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Foods for brain health

Food can play a big part in brain function

This article was last updated on June 21, 2023. 

Alzheimer’s disease is one of the leading causes of death in the United States. Even though experts estimate that more than six million Americans are currently living with the disease External Site, there’s still much to be learned about what lifestyle factors might contribute to Alzheimer’s disease or general mental decline.

How to use food for brain power and memory

One thing you do every day may play a big part in how your brain functions and that's what you eat.

Studies show that eating a heart-healthy diet External Site may benefit both your body and your brain. In general, these diets are low in fat, saturated fat and cholesterol, and high in fruits, vegetables and low-fat dairy. Brain-boosting diets also focus on whole grains, poultry, fish and nuts.

Want to give your brain a boost? Try these 15 foods that are proven to help boost memory, mood, concentration and overall clarity External Link.

List of brain-boosting foods

chart to quickly demonstrate the 15 best brain-boosting foods, which are blueberries, eggs, strawberries, spinach, coffee, chocolate, beans, flaxseed, nuts, broccoli, carrots, wild salmon, avocados, raspberries, and bell peppers
  • Blueberries

    They are rich in antioxidants that help keep cells healthy. Regular consumption improves memory and can reverse age-related decline External Link in motor function, balance and coordination. To add blueberries to your diet, top off your oatmeal with fresh or frozen berries.

  • Spinach

    Dark green vegetables have been shown to slow development of dementia in women. Give it a try with this recipe for a strawberry spinach salad.

  • Flaxseed

    Packed with omega-3 fatty acids, flaxseed contains healthy fats that help your brain function External Link. Try it mixed into oatmeal, smoothies or homemade protein bars.

  • Wild salmon

    Wild-caught salmon contains less fat and more protein than farm-raised salmon. It's also rich in omega-3 fatty acids External Link, which help your brain increase its learning, memory, cognitive well-being and blood flow. Work it into your diet tonight with a recipe for wild salmon with avocado salsa.

  • Eggs

    Egg yolks are rich in choline, a nutrient that improves memory and minimizes fatigue.

  • Coffee

    A daily cup of joe is good for your brain because it contains antioxidants and typically caffeine External Link. Drink in moderation and stay away from sweeteners and fatty products.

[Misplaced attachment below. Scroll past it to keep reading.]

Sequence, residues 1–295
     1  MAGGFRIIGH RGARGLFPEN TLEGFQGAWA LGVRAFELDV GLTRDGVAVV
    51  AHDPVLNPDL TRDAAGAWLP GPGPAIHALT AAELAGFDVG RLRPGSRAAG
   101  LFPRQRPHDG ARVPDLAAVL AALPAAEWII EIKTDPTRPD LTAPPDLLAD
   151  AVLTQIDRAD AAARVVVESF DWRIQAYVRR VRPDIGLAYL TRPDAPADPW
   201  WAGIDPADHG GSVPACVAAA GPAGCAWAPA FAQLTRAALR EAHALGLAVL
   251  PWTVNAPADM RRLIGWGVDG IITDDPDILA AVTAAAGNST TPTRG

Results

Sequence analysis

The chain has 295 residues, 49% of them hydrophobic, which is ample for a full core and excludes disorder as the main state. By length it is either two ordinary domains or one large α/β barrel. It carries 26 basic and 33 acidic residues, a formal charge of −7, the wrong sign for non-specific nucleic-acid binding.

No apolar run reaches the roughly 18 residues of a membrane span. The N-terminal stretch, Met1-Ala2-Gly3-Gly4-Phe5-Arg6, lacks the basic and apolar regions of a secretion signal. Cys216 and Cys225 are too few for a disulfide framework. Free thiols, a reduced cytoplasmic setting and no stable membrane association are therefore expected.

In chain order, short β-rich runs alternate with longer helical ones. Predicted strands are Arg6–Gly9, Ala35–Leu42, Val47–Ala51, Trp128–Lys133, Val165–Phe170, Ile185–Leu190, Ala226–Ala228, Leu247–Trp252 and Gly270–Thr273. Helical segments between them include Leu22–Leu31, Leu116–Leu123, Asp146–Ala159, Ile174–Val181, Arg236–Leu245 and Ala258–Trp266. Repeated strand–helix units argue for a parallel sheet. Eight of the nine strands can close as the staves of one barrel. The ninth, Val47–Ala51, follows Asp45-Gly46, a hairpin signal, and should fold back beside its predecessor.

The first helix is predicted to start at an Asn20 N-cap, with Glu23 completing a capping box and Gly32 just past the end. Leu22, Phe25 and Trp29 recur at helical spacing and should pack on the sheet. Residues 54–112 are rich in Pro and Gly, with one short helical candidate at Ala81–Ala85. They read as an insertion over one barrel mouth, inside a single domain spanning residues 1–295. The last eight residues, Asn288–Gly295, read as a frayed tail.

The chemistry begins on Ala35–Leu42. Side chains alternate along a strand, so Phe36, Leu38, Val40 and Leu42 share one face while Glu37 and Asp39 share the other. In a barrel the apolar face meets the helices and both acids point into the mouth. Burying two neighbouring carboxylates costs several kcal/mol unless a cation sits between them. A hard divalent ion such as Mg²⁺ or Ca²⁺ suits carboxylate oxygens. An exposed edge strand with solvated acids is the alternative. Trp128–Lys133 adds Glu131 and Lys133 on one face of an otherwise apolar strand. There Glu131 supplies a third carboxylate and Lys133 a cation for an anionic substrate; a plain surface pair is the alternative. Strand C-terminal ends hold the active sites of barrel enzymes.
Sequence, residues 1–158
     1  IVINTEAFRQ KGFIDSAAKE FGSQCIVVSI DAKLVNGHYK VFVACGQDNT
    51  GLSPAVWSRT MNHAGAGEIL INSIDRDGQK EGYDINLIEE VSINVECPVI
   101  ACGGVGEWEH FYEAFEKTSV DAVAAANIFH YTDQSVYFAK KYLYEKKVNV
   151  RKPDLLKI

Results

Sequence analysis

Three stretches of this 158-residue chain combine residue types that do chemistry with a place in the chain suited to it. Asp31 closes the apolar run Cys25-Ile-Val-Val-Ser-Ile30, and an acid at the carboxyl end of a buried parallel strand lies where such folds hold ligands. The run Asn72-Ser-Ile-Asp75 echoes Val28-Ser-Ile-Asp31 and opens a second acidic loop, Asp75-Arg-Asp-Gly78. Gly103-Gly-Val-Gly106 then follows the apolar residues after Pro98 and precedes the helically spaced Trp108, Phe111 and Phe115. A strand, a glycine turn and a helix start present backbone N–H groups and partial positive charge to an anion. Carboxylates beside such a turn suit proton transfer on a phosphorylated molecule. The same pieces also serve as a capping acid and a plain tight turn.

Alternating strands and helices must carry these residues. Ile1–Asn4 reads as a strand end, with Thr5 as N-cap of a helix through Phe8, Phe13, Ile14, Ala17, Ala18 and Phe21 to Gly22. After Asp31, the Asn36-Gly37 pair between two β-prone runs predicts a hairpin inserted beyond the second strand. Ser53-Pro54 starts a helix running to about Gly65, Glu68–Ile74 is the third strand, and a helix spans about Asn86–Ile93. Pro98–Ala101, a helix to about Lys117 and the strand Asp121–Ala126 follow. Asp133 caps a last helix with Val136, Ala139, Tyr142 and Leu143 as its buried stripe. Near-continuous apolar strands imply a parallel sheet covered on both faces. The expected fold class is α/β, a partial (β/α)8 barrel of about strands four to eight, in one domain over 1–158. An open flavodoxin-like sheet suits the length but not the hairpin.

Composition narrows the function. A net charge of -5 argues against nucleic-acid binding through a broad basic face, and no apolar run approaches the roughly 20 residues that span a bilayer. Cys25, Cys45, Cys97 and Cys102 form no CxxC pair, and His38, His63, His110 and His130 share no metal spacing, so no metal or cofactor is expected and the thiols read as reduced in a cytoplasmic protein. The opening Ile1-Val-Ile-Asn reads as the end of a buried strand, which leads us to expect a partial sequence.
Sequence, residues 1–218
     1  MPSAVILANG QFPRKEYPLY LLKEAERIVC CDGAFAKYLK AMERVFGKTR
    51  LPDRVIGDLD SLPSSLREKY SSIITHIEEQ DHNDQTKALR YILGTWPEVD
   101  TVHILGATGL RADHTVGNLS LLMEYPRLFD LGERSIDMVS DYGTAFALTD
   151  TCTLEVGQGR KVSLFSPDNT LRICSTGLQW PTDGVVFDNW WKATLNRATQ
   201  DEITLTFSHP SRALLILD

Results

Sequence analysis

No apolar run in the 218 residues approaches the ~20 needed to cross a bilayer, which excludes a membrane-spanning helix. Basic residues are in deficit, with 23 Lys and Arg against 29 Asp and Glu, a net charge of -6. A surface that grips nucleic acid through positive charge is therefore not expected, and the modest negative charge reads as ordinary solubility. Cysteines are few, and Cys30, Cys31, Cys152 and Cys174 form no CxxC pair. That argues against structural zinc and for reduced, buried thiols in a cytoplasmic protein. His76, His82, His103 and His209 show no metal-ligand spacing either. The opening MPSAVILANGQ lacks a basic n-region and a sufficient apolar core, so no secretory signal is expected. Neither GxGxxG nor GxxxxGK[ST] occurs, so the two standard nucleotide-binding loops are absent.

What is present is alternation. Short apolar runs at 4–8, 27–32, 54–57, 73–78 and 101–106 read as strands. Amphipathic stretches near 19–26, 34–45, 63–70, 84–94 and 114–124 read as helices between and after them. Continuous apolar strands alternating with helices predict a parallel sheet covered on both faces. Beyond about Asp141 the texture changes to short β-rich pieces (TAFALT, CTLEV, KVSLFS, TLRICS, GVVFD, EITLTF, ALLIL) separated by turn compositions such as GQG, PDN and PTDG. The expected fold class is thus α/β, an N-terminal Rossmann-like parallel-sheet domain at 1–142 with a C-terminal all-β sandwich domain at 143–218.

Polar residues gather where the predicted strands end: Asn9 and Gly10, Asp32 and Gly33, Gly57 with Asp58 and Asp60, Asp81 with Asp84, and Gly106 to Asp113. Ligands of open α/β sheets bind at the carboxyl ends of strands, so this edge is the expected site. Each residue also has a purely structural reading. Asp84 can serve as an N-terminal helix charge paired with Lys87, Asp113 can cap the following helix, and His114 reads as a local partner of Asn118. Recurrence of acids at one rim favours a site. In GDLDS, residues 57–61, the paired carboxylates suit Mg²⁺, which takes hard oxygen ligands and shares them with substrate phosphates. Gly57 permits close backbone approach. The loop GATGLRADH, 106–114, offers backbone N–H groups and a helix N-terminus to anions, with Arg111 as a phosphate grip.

• Nuts

    Walnuts are rich in omega-3 fatty acids, while almonds contain natural mood-enhancing neurotransmitters. But, don’t go nuts — a handful a day will do you good.

  • Avocados

    Nearly as good for your brain as blueberries, avocados contain healthy fats that promote blood flow, keeping your mind functioning at its peak. Throw a few slices on your next salad or sandwich.

  • Dark Chocolate

    Yes, something so good can really be good for you. In fact, dark chocolate is rich in antioxidants. A daily dose can improve mood, focus and concentration.

  • Broccoli

    High in vitamin K, broccoli has been shown to improve memory function and slow the aging process.

  • Raspberries

    A raspberry is one of the most antioxidant-rich berries you will find. Foods that are rich in antioxidants help fight cell damage and inflammation.

  • Strawberries

    Like raspberries and blueberries, strawberries are high in antioxidants and vitamin C.

  • Beans

    Legumes can raise alertness and stimulate nerve impulses in the brain. Whoever said desserts can't be healthy, hasn't tried these black bean brownies. Packed with brain-boosting black beans, yet perfectly sweet, they make a great treat that won't leave you feeling guilty.

  • Carrots

    Carrots reduce inflammation and prevent memory loss.

  • Bell peppers

    Red, yellow, green and orange — they are all known for their antioxidant properties, considered necessary for optimal brain function.

  • Still need more healthy, brain-boosting inspiration?

    Check out our library of recipes here on Blue. You'll find a variety of options to help make your meal plan quicker and easier — no matter your taste, budget and health goals.

While it's important to eat a healthy, balanced diet and avoid ultra-processed foods for optimal brain health External Link, there's no way to completely prevent dementia and Alzheimer's disease through the foods you eat. If you're concerned about age-related changes or potential symptoms of Alzheimer's disease you or a loved one are experiencing, talk to a primary care provider.